Wednesday, August 17, 2011

The Boys of Summer

I can tell you my love for you will still be strong
After the boys of summer have gone…

- Don Henley,
The Boys of Summer

Walk or bike through some of the quieter sections of the country at this time of year, and you are likely to hear wafting out of open windows a tell-tale “plink” and the sound of announcers going crazy. It is the time of the national high school summer baseball tournament, and a goodly part of the nation is transfixed by the drama. Forty-eightnine teams representing each of the forty seven prefectures in the country (Tokyo, due to its massive population, sends two teams and Hokkaido sends two as well) try to pitch, hit, bunt, slide and catch their way through a single elimination tournament.

August thus is a time of heightened prefectural identity, where individuals, no matter where they are now, follow with intense emotional attachment the team from the prefecture where they were born or where they grew up*.

The summer tournament also presents a regular test of the competitiveness of the populations of the various prefectures. Entrants in the national contest are selected by prefectural tournaments. In the aggregate, prefectures with larger populations or larger populations of young persons should have more intensely competitive intra-prefectural tournaments. These teams that have been tempered in more intense intra-prefectural contests should do better in the inter-prefectural competition.

It is an imperfect test of course. The presence in certain prefectures of baseball magnet schools like the once predominate but now mercifully defanged PL Gakuen can tilt the results. Also the presence of a supremely talented pitcher – a Darvish Yu, for example -- can pull a mediocre team from a small prefecture upward to a finish well above expectations.

The final eight surviving teams of this year's national tournament will be playing in the quarterfinals today. The draw features a fairly good mix – one of the two Tokyo teams, a Tohoku team (though from one of the prefectures least affected by the March 11 disasters), one team from the North Kanto area, one team from the South Kanto (if Yokohama High School had not suffered one of the most epic ninth inning breakdowns in the history of the tournament, there would be two), two teams from the Kansai and two teams from the Chugoku region.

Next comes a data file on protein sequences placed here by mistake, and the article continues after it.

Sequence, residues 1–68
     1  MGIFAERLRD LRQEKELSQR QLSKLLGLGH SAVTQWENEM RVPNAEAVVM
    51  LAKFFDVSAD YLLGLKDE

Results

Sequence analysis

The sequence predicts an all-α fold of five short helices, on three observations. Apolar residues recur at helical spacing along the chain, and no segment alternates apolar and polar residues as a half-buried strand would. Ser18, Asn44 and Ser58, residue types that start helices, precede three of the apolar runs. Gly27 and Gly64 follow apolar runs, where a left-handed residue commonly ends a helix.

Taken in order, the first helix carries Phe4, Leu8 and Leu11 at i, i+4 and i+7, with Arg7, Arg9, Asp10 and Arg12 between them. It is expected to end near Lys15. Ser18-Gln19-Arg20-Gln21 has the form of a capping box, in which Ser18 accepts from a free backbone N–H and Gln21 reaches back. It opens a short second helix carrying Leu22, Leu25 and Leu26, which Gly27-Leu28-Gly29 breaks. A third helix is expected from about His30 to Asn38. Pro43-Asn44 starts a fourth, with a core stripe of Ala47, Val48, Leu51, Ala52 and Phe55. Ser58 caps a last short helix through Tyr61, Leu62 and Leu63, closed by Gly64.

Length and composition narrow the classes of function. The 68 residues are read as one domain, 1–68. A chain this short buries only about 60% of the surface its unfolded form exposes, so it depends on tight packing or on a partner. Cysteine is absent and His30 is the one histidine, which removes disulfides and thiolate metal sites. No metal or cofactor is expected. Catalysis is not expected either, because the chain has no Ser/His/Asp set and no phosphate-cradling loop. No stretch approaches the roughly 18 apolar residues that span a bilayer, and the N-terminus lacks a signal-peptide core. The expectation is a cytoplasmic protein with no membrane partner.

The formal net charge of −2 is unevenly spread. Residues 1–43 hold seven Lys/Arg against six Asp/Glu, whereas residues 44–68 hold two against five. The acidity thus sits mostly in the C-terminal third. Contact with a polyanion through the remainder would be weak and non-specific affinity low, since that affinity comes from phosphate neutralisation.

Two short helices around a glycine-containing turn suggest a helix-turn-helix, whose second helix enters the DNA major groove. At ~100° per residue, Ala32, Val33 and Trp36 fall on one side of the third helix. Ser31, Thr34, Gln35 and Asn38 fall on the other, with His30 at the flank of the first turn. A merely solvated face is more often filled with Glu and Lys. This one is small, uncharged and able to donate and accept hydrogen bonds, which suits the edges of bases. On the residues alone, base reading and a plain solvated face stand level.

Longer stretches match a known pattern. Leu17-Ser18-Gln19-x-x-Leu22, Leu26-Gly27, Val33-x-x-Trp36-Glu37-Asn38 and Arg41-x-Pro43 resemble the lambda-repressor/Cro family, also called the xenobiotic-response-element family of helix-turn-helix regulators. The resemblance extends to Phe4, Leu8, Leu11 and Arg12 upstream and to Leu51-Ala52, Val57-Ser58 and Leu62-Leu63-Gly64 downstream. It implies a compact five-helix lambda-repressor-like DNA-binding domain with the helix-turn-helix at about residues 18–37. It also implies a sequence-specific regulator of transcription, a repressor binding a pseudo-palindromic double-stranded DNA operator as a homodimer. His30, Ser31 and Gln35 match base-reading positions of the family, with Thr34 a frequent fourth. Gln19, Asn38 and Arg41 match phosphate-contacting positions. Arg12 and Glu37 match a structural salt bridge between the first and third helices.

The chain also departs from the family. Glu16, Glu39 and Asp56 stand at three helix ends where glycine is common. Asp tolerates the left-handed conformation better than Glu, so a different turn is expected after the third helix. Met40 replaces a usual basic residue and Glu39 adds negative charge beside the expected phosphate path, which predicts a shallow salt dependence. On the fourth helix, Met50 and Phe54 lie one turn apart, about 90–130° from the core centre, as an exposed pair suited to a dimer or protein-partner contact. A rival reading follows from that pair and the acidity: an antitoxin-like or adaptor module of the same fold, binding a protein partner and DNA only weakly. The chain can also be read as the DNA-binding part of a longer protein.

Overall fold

As for the correlation of the competitiveness of the teams versus population, the results are pretty good. Only one team from a small population prefecture (Aomori) has survived until today’s game. A team from Tokyo, the prefecture with the highest population, has survived – and if the coach had not replaced his starting pitcher in the Yokohama-Chiben game, the top two prefectures in terms of population would be represented.

Overlay the surviving teams with political maps, and one sees further patterns. Again, had Yokohama not had its breakdown, the team with from the prefecture that is the least-well represented in the House of Councillors would still be in the tournament. Surviving also is the team from Chiba, the prefecture boasting the least-well represented House of Representatives electoral district in the country.

Lay across the eight teams the Democratic Party of Japan's plan for reforming the House of Councillors – a reform mandated by a Supreme Court decision that the current level of disparity between the representation for the prefecture with the smallest population and Kanagawa Prefecture -- and things get really interesting. The combination of two factors – the Supreme Court standard of disparity and a pledge in the DPJ's 2009 Manifesto to reduce the number of members of the House of Councillors by 40 – has guided the DPJ to produce a radical bill cutting across political red lines and carefully constructed regional identities. For the first time prefectural boundaries would be dispensed with, as nine small population prefectures will lose their right to have two members in the House of Councillors. Instead, eight small prefectures will be teamed up into four groups of two, with the voters in the two combined prefectures voting for a single House of Councillors seat in the triennial elections. One large prefecture will be teamed with a small one to send four members to the House of Councillors.

Additional reforms are found in the bill. Six prefectures will have their current representation by four senators knocked down to two. Only one prefecture — yes, Kanagawa — will have its representation bumped up from its current six senators to eight.